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A Christian holiday centre and bible school has become the first and largest organisation of its kind in Lancashire to switch its energy supply to woodfuel and take a step closer to becoming totally environmentally friendly.
Capernwray Hall, at Carnforth in north Lancashire, attracts more than 250 students and 2,000 holiday guests each year, and has been backed by the Forestry Commission to think green to switch to this cleaner, more efficient and renewable energy source.
The Commission is driving forward the development of woodfuel in England, to increase the output of wood by two million tonnes each year by 2020, enough to supply 250,000 more homes with energy.
Capernwray utilises its own woodland in helping to fuel a woodchip boiler, which provides the heating and hot water source for the whole campus, including accommodation areas, dining room, kitchens, sports hall and swimming pool.
Peter Fox, Woodfuel Officer for the Forestry Commission, says:
"There is huge potential to increase the use of woodfuel using wood from Lancashire's undermanaged woodlands. Well managed woodlands can benefit the local economy by creating and supporting jobs in the woodfuel supply chain. They also provide increased biodiversity benefits and a renewable source of carbon lean fuel.
"The Capernwray scheme is a perfect model of how woodfuel can provide financial and carbon savings and will hopefully encourage others to follow.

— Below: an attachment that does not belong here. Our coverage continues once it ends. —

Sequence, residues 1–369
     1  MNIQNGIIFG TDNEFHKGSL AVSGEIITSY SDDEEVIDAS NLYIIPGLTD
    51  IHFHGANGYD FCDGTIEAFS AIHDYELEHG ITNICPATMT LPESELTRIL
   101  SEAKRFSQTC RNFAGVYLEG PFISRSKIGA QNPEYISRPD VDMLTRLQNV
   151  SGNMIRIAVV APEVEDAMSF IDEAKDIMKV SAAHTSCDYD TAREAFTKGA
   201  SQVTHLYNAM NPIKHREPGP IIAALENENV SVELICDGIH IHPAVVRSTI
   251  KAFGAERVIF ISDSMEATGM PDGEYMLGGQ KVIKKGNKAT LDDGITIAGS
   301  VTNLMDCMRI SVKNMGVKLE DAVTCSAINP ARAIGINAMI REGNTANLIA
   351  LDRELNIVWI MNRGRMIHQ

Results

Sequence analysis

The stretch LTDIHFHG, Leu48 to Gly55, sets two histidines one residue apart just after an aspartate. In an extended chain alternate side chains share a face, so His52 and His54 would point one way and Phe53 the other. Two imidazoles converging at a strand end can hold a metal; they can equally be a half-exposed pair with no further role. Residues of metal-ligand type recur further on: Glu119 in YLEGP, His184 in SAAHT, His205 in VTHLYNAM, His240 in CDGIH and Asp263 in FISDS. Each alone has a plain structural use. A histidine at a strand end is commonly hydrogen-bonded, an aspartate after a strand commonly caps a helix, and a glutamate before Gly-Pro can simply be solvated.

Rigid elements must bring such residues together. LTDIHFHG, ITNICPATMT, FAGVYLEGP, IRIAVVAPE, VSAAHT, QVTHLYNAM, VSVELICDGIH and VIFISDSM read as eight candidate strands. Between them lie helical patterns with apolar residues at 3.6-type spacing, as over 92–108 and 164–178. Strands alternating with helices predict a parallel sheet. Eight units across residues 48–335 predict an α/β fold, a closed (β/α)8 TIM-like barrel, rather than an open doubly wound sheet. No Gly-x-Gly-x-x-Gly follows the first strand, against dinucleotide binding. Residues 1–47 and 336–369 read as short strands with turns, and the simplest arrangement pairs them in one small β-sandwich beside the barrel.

"It is just one of several schemes that the Forestry Commission has supported in the past year in North West England, injecting over £1.4m in grants to regenerate woodlands and to boost the local economy."
As well as the annual fuel cost savings, the campus has drastically cut its carbon footprint by 367 tonnes a year. And it is anticipated that Capernwray's present forestry plantations can provide 34 tonnes of timber per year for the woodfuel system over the next ten years.
There are 12 hectares of woodland on the Capernwray estate and in addition to the local timber supply, the estate operation includes a working farm, which provides the labour, material and buildings necessary for the woodfuel that the system uses.
The majority of the woodfuel project work was carried out by Capernwray's own workforce, from heating design through boiler construction, installation of pipework and much of the internal control systems.
It involved replacing the oil boilers and renewing flues through the old building and after allowing for the grants obtained, it should take less than five years for the scheme to pay for itself with the savings on heating costs.
Phil Burt from Capernwray Hall, added:
"The boiler and the whole new heating system is proving to be an excellent investment in terms of both cost and efficiency.
"We entered into this project with some trepidation, unsure of how it would work out, but results have shown that our decision was right.
"We did consider all other 'green' options before making our choice. In the end, our final decision in plumping for woodfuel was influenced by the amount of wood we can source from our own land, the cost, control of our own heat source and the environmental aspect."
The added advantage of community-based schemes like Capernwray is that local residents and visitors are fully involved in the estate's timber production. It is hoped that the scheme encourages other organisation's to consider the environmental, economic and social benefits of using local wood to produce renewable energy.